Each image and related word on each page is evocative. The pastoral, snowy images are the ones that really pulled on my heart strings. Anything that smells like winter in New England is bound to get my attention this time of year.

When I got home I started ripping. Images as simple and meaningful as these can't stay trapped inside a book. There are some I will save for our walls, like "SNOW", "SILENCE", "TRANQUILITY", "HOMECOMING" and "STILLNESS". And there are a whole lot of others which just became "thank you" notes and my new personal stationary. I have so many brown paper bag envelopes right now left over from an order I made for my holiday cards, so I've got somewhere to stuff these notes once I write them all.

I don't feel one bit bad about ripping this book apart. It has so much to give, it has to be shared. I did just order two more. Maybe to rip. Maybe to gift. Maybe to read. It is so beautiful.


turning a frown upside down

I have been having a momentary lapse of happiness over the last few days. I am not one to complain about much, or be sad about anything these days, but the last few have been a big bummer for me.

For one, last Friday I found out the conference I was invited to take part of a panel at in February regarding "growing your blog" had been cancelled. It was to be held in Napa, and I was invited to join the panel by the widely respected and very generous Stefania of CityMama. I was really eager for the challenge of speaking publicly, and of assessing and evaluating "corner blog" and what I've done with it so far.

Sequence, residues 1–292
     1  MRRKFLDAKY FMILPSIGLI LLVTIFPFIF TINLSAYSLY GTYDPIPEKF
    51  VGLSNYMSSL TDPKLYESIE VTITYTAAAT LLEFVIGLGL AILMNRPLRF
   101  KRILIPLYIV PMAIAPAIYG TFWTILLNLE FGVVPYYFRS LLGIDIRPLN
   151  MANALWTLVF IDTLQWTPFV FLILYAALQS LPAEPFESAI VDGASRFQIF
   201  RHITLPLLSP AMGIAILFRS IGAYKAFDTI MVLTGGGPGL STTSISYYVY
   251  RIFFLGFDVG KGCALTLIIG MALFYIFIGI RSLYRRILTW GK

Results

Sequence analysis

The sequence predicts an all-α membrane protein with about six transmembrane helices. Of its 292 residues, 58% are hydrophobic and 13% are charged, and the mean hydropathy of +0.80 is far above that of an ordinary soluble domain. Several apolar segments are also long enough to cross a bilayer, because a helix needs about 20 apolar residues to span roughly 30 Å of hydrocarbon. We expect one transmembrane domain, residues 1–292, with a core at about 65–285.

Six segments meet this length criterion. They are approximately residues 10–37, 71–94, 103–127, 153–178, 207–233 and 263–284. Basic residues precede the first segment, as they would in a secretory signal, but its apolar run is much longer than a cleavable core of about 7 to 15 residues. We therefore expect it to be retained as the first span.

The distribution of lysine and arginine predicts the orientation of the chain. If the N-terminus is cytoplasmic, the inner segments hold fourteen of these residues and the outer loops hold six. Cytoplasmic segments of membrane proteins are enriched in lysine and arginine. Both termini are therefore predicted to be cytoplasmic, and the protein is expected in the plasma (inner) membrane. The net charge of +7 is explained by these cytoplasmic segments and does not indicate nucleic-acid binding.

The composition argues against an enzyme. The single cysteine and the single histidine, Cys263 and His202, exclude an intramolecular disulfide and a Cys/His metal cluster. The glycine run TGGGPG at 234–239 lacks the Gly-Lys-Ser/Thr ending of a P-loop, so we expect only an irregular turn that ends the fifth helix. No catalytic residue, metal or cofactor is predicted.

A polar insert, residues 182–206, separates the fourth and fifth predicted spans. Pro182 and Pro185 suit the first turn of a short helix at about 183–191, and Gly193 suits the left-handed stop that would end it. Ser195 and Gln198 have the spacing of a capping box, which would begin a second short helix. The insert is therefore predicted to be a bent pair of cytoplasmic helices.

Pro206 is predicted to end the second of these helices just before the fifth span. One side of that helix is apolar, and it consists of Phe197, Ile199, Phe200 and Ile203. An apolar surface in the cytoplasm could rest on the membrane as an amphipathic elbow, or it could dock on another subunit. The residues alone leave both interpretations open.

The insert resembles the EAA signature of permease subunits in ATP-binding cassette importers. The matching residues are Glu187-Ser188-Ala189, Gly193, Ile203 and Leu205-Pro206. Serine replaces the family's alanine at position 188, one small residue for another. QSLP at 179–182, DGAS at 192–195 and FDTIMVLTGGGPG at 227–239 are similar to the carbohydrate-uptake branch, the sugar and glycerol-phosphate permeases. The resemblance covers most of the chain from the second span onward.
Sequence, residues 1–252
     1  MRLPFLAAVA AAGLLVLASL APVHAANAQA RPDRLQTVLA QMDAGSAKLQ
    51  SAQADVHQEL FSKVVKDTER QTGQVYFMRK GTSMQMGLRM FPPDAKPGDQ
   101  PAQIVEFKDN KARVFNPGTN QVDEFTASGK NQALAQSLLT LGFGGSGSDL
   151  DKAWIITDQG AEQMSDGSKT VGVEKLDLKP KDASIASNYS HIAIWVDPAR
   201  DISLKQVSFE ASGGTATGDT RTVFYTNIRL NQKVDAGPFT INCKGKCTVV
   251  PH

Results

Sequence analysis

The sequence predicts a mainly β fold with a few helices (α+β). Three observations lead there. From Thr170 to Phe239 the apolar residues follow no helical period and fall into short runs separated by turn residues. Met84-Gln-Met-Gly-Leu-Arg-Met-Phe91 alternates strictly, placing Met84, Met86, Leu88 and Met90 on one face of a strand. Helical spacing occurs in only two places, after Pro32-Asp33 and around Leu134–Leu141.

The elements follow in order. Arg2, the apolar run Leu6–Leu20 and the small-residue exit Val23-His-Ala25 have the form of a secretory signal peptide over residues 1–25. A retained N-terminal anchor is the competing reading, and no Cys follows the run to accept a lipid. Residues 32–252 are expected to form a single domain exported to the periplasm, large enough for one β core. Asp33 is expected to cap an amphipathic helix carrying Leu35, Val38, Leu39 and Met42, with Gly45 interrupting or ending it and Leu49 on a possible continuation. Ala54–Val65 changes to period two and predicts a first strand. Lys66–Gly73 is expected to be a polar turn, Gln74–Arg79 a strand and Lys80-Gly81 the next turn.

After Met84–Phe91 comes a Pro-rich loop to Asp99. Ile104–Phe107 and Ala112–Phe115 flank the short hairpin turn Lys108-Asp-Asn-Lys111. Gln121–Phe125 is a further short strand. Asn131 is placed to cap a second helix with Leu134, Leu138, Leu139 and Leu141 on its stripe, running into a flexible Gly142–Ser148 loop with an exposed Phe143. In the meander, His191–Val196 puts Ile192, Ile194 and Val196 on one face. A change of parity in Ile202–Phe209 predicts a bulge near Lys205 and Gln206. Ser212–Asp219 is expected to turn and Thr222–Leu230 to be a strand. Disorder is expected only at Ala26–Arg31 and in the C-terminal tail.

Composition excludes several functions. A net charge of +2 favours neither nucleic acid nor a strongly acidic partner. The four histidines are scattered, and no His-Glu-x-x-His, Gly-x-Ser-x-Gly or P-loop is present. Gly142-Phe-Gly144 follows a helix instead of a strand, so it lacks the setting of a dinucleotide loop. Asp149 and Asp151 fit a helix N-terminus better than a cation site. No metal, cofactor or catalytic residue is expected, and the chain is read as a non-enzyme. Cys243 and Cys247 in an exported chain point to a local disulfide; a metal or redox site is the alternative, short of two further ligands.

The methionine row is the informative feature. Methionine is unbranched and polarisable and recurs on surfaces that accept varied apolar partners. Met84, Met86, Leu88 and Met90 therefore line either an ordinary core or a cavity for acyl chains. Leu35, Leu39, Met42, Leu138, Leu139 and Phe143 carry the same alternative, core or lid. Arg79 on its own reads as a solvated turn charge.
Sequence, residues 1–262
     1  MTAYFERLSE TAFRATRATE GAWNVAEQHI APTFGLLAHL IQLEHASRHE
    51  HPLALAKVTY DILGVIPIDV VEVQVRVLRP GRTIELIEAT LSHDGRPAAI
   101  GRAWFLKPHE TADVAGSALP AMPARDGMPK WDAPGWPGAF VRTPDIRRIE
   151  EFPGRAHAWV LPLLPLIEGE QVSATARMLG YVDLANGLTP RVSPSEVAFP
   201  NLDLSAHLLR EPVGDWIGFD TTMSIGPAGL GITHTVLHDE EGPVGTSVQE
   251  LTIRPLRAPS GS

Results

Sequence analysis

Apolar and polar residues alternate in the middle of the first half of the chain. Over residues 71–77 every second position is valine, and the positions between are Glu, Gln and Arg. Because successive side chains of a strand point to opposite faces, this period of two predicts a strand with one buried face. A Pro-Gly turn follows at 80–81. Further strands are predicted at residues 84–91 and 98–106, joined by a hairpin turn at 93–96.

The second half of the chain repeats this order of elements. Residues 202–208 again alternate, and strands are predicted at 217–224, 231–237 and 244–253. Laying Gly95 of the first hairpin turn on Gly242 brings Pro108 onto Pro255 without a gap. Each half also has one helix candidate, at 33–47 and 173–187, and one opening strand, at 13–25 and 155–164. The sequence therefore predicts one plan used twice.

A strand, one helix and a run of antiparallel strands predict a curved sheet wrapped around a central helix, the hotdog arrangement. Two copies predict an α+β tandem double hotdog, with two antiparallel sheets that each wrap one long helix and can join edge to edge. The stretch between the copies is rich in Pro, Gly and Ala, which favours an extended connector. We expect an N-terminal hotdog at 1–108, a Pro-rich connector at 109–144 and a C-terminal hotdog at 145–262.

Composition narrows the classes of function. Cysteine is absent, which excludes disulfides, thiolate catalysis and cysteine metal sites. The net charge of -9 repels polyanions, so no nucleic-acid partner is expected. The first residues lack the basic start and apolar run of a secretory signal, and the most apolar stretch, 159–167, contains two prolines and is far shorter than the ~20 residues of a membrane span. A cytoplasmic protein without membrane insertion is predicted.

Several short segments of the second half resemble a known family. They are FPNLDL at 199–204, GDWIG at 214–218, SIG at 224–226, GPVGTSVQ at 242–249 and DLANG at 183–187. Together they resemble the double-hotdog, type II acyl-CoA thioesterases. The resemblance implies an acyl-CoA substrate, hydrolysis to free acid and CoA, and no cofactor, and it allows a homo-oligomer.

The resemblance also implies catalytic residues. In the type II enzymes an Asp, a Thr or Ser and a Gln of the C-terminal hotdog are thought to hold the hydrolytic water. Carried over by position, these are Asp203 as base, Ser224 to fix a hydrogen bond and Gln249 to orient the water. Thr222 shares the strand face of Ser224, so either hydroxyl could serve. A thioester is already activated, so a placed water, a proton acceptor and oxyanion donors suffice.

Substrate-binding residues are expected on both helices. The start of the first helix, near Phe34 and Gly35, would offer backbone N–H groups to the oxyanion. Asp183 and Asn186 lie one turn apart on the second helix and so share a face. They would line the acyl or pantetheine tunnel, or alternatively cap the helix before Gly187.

And then last night the verdict came in from Tease-O-Rama, and no, Yve Jobs was not accepted to perform at the convention. I knew it was a long shot, and there were three times as many applicants as the previous year. But to have shared the stage with such greats as Miss Dirty Martini and Satan's Angel, as well as all the amazing dancers from San Francisco and beyond, would've been a highlight of my life! By the way, you should rent (or BUY) the film "Dirty Martini and the New Burlesque" if you want a glimpse into the neo-burlesque movement and some great body-positive reinforcement.

I am just ready to up my game, and those would've been some great opportunities to do just that. I am ready for a good challenge. Maybe this past month of not performing has filled my reserves of courage and I need to release them again!

But, my frown is turning upside down today. Last night I finally located my late father's scarf, pretty much on the anniversary of his death seven years ago, which I have been agonizing over since I lost it during one crazy night out a few weeks ago. I turned over every stone I could possibly turn over, and I finally found the person who had found it. SO happy. I've had that scarf for over twenty years. Losing it was like losing one of my last connections to my dad.

AND, my birthday is this Friday. My friend Marie, who writes the blog "cowl-y-owl", gifted me this awesome cowl she knitted this morning. It's so awesome. I'm wearing it in this freezing cold cafe and it's the only reason I haven't gone home yet. 

AND, my mother and aunt are coming to visit next week.

AND, my "big" birthday gift this year is this:

(Photo by Victoria Smith of sfgirlbybay.com)

This is going to be a great opportunity to meet some other great lady artists, get some learning by local amazing illustrator Lisa Congdon, and meet the woman behind "The Jealous Curator", one of my new favorite websites ever. The workshop is in March. I seriously can't wait.

I should've titled this post "pretty f***ing lucky", come to think of it. Mood on the rebound, as we speak. Nanny time over, two weeks until I can sit by myself again for four hours at a cafe. I don't mind. :)


bittman's brownies